Trump defends China tariffs and claims 'great patriot farmers' will reap benefits

Cornelia Mascio
Мая 16, 2019

He responded with a tariff hike on $200 billion of goods and a threat to put to put penalties on $325 billion of other items, essentially promising blanket tariffs on Chinese products of 25 percent.

The federation cited an estimate by the Tariffs Hurt the Heartland campaign as saying that imposing tariffs of 25 percent on all remaining imports from China, combined with the impact of retaliation, would jeopardize more than 2 million American jobs, cost the average U.S. family 2,300 dollars each year and reduce the value of U.S. GDP by 1 percent. "We expect fiscal support to be stepped up, mostly on the infrastructure".

Trump is trying to smoke the Chinese out after a deal he says was almost finished fell apart last week.

Trump has said he would meet with Chinese President Xi Jinping during a G20 meeting at the end of June.

"China does not want a trade war but we are not afraid of it".

And retail sales fell 0.2 percent - the mirror image of the 0.2 percent gain economists had instead predicted - which like manufacturing was impacted by weak auto sales. Trump also said the in a "great position", noting that "our economy has been very powerful; theirs has not been". On Wall Street, technology stocks led the rebound but major indexes finished below their session highs.

"It's a nice bounce-back certainly after yesterday for sure", said Gary Bradshaw, portfolio manager of Hodges Capital Management in Dallas. "I think that's got investors buying the dip".

The Dow rose 0.8% and the Nasdaq composite index jumped 1.1%.

Earlier on Tuesday, Chinese Foreign Ministry spokesman Geng Shuang told a daily news briefing that it was his understanding that China and the United States had agreed to continue "pursuing relevant discussions".

USA agricultural products have been targeted by China's retaliatory tariffs, and American farmers, a key political constituency for Trump, are increasingly frustrated with the failure of the two sides to find a solution to the dispute.

"We've been understanding during this negotiation process, but we can not withstand another year in which our most important foreign market continues to slip away", said John Heisdorffer, ASA Chairman and soy grower from Keota, Iowa.

Several U.S. groups representing a variety of industries have denounced Washington's recent move to increase tariffs on Chinese imports. "China has been running an economic war against the industrial democracies for 20 years", Trump's former chief strategist Steve Bannon said in a CNBC interview, maintaining that the face-off with Beijing "cuts to the core of what the United States is going to be in the future", and Trump will settle for nothing short of victory. The USTR noted it excludes pharmaceuticals and rare earths minerals used in electronics and batteries. "Many companies are leaving China so that they will be more competitive for U.S. buyers... we are the "piggy bank" that everyone wants to raid and take advantage of".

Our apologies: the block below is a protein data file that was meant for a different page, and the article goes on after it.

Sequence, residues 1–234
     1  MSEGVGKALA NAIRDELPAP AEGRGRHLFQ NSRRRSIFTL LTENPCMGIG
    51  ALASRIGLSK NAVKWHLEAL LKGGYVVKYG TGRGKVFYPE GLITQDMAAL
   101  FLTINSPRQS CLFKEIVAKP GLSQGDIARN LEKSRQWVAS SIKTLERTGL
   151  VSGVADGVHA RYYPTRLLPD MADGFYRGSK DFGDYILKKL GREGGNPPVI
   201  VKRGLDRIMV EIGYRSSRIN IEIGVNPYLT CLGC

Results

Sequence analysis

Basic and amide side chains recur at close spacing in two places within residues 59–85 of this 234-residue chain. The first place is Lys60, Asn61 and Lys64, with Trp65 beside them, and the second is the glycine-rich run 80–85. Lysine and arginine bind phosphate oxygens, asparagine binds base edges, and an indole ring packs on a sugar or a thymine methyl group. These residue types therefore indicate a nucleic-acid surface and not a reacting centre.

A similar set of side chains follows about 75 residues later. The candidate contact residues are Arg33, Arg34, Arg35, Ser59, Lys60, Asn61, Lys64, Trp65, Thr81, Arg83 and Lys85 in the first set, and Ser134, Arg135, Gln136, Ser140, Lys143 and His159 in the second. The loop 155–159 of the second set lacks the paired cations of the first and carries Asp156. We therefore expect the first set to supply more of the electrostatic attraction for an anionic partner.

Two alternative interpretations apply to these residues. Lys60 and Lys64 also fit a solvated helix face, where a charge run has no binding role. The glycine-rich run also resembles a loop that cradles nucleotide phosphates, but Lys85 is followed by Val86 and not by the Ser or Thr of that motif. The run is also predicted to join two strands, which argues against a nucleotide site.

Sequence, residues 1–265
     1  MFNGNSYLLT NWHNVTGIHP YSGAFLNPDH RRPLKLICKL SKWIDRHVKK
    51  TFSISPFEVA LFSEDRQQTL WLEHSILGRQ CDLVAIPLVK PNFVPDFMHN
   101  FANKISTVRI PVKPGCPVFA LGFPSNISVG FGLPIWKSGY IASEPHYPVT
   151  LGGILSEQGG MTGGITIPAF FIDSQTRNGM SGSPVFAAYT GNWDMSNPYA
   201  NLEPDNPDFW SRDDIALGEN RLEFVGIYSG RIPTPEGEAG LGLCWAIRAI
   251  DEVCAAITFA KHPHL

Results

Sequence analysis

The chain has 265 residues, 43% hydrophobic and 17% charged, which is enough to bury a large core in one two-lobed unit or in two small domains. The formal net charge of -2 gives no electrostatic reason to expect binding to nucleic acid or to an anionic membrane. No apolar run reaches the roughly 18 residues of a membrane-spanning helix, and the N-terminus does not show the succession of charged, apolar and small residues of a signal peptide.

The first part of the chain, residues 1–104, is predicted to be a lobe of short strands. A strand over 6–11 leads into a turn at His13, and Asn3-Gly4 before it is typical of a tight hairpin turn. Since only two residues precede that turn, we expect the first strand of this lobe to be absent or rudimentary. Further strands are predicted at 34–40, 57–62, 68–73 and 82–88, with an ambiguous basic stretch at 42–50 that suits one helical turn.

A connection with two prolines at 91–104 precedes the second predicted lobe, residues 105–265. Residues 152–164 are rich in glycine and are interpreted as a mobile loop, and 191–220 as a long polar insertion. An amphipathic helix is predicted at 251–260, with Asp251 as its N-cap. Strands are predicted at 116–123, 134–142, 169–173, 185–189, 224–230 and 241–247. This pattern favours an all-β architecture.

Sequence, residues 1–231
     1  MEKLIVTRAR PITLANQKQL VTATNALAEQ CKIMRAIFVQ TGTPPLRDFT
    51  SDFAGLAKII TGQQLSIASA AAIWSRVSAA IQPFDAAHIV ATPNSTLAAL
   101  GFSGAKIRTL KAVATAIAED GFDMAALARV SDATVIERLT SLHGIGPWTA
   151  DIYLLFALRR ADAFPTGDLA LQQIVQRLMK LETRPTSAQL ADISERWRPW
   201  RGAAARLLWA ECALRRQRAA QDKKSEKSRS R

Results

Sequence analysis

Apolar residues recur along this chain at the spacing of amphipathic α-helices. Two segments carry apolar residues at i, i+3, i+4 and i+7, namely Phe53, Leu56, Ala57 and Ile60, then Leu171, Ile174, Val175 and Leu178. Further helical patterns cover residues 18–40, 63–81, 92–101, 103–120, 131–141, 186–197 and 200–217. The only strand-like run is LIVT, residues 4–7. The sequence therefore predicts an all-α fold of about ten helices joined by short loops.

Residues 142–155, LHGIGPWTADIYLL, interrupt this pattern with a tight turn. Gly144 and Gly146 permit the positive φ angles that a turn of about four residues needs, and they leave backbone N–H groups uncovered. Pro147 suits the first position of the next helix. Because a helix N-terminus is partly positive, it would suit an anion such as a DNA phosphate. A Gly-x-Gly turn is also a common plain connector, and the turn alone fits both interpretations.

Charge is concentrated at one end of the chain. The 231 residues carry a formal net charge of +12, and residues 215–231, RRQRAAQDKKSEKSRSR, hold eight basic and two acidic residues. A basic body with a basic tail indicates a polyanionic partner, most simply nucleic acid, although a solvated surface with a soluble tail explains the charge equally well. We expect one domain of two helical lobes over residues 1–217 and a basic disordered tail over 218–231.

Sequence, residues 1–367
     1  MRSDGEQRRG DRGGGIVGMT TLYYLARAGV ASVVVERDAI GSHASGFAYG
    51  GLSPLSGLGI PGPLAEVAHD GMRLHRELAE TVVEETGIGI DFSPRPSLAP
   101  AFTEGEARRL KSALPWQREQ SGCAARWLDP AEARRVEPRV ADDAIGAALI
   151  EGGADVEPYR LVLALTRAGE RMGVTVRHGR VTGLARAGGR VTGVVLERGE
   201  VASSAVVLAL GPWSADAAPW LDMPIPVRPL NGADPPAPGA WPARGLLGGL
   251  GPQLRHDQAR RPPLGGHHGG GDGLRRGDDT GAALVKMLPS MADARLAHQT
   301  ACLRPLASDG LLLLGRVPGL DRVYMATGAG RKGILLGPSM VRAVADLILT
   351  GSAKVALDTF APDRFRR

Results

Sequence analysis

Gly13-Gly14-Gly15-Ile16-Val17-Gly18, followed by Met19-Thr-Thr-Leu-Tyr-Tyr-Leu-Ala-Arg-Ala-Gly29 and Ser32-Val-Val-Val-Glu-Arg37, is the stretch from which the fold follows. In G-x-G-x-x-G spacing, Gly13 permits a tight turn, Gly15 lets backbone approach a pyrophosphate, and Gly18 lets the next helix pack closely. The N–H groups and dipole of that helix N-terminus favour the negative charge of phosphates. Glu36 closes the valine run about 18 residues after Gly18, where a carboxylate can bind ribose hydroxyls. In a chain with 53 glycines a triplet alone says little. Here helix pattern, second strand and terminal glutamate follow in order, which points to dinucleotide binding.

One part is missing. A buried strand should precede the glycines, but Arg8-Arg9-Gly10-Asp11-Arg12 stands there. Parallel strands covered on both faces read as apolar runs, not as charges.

The prospect of the global economy being derailed by the United States and China sliding into a fiercer, more protracted dispute has rattled investors and sparked a sharp selloff on equities markets in the past week.

However, the onshore yuan weakened 0.1% to its lowest level since December 27, 2018, trading at 6.8874 per dollar, after China's Foreign Ministry said it hoped the United States does not "underestimate China's determination and will to safeguard its interests". The US economy, while growing at a healthy clip, could come under pressure.

The piece claimed, 'Particularly in today's world, the Chinese market is huge and very close to the us market in size, and the trend is [we] will overtake the U.S'.

Geng put the blame on Washington for going back on its word in some previous rounds of talks, including last May, when the two sides reached an agreement in Washington but then the United States backed out a few days later.

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